Across the map of Toronto, there are several “Old” versions of major streets: Old Yonge Street, Old Leslie Street, et cetera. These are smaller and certainly older streets that predate yet still exist alongside their longer, newer counterparts.
How old are these “old” streets anyways? Why were they built as they were in the first place? Why were they replaced?
Here are five examples of “Old” Toronto Streets and their histories:
1. Old Yonge Street
Year rerouted: 1835
When Yonge Street was laid out in the 1790s, it was not the continuous straight path we think of today. The sheer length of the street almost welcomed obstacles. At York Mills, the challenging topography around the West Don River caused it to divert east just south of York Mills Road. It curved north and back west to join the original course. In 1835, the street was realigned and straightened. It seems in the 1920s, Yonge Street was re-routed again slightly to the west to allow for better automobile navigation.
Today, the old, “orphaned” course remains as part of Mill Street and Old Yonge Street. Old Yonge’s narrow, curvy course in parts maintains a rural quality. While at one time Yonge and Old Yonge once connected at its north end, this connection is now a roundabout. Finally, because of its length in the province, there are other Old Yonge Streets in Thornhill and Aurora.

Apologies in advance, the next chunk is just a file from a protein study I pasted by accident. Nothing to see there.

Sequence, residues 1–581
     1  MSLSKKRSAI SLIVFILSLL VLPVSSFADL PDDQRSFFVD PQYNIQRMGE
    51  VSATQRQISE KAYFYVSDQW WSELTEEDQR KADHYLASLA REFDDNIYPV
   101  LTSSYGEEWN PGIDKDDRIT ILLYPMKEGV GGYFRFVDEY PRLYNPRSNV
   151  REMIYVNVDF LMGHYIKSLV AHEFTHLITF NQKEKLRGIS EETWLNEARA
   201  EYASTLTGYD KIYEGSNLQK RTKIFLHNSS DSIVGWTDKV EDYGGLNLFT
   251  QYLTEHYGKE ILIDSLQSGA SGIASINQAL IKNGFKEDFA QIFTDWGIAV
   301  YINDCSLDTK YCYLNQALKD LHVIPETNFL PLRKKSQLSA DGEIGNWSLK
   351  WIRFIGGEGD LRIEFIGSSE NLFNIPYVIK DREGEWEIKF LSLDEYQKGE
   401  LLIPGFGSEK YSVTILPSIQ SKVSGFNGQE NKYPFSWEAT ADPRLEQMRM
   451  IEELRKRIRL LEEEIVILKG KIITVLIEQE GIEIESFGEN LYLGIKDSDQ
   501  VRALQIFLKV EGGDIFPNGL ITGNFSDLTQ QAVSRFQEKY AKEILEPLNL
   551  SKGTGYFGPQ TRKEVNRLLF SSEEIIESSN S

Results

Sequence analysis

2. Old Sheppard Avenue
Year rerouted: ~1934
Sheppard Avenue once existed in two separate sections on either side of the Scarborough-North York border. A traveller wishing to travel east or west through the two streets had to jog about 300 metres on Victoria Park to reach the other section. In 1934, the two roads were joined through a curving road running from just past Woodbine Avenue to the lower street in Scarborough. The move was the idea of Ontario Premier George S. Henry whose estate stood where the new Sheppard Avenue connection ran.
Today, the orphaned North York section of the old road now exists as residential Old Sheppard, albeit with small parts removed around Highway 404.
More reading: Scenes From O’Sullivan’s Corners & Muirhead’s Corners
3. Old Lawrence Avenue
Year rerouted: ~1961
Lawrence Avenue is and was one of many streets which was impact by Toronto’s ravines. West of Victoria Park Avenue, Lawrence once took an interesting route across the East Don River Valley. Like Sheppard Avenue, there were two sections of the street: the Scarborough section which exists today and a North York section. The North York section jogged up Victoria Park over the Canadian Pacific Railway, ran briefly next to the track, and continued west for 1.5 kilometres. From here, it took a rather curvy route south down the East Don Valley, crossed the Don River via a bridge, and curved back north and west before continuing towards Don Mills Road. Presumably, this was easiest way in the 19th century to navigate the valley.
In 1961, Lawrence Avenue was straightened with a road directly connecting Victoria Park and Woodcliff Place, curling northwest from Scarborough with several new bridges to accommodate the Don River and CPR.